I imagine it takes courage to stand in front of the media like you do too, to be a public voice.

Yeah, it’s scary. I run this database called Women for Media—an incredibly important initiative. What we’ve done is created a database of more than 150 female business leaders who could be facing the media at any time to comment on a particular issue. And unfortunately the business media in this country very rarely calls on women as commentators or thought leaders or opinion setters, so what we do is we ring journalists and say, “We noticed that you had an article which interviewed three leading business people and not one of them was a woman. Well, here is a list of at least six women who would have been fabulous for that article.” It’s a way of making more women role models in business, in the corporate world.

It’s so important because I think what happens when there are no role models is that we internalise these norms.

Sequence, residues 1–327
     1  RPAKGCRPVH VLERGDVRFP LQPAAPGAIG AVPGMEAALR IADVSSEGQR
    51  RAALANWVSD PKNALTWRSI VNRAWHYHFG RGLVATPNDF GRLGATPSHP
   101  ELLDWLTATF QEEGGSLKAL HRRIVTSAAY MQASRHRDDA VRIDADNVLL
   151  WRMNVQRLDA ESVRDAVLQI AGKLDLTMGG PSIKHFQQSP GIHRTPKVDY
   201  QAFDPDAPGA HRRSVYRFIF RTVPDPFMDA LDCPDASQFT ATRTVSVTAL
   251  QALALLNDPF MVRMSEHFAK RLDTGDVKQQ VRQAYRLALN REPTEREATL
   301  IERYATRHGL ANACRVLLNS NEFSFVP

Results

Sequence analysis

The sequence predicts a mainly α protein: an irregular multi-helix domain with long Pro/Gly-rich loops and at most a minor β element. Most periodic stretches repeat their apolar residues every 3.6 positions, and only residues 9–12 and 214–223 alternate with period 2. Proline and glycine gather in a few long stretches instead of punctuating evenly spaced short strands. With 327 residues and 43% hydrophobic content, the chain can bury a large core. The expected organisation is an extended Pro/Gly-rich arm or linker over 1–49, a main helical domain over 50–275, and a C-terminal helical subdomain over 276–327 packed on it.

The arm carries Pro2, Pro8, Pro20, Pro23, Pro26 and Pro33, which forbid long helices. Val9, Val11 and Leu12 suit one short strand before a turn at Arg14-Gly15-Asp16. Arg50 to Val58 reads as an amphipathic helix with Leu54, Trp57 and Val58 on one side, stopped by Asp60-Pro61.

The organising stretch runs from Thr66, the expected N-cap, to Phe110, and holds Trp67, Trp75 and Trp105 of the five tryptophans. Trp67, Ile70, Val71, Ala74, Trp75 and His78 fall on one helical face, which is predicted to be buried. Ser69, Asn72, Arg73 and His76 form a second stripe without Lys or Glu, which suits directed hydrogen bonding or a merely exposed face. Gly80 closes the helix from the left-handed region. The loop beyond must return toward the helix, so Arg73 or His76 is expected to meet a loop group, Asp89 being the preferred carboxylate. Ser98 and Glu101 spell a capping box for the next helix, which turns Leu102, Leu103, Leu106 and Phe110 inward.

We “know” that it’s men who are experts.

That’s exactly right. And women are as susceptible to and guilty of unconscious bias as men. Because if we’re not seeing women as CEOs, if we’re not seeing women as chairpeople, if we’re not seeing women on boards or as commentators in our media, we’re not being exposed to women in leadership. And if we’re not seeing that, well, I always say:

“You can’t be what you can’t see.”

I think the environment you’re raised in is important here. I was brought up in a family where the expectation was girls are as successful as boys. There was never any differentiation. So I never had any other expectation for myself other than I would be successful and ambitious and achieve whatever I was capable of achieving.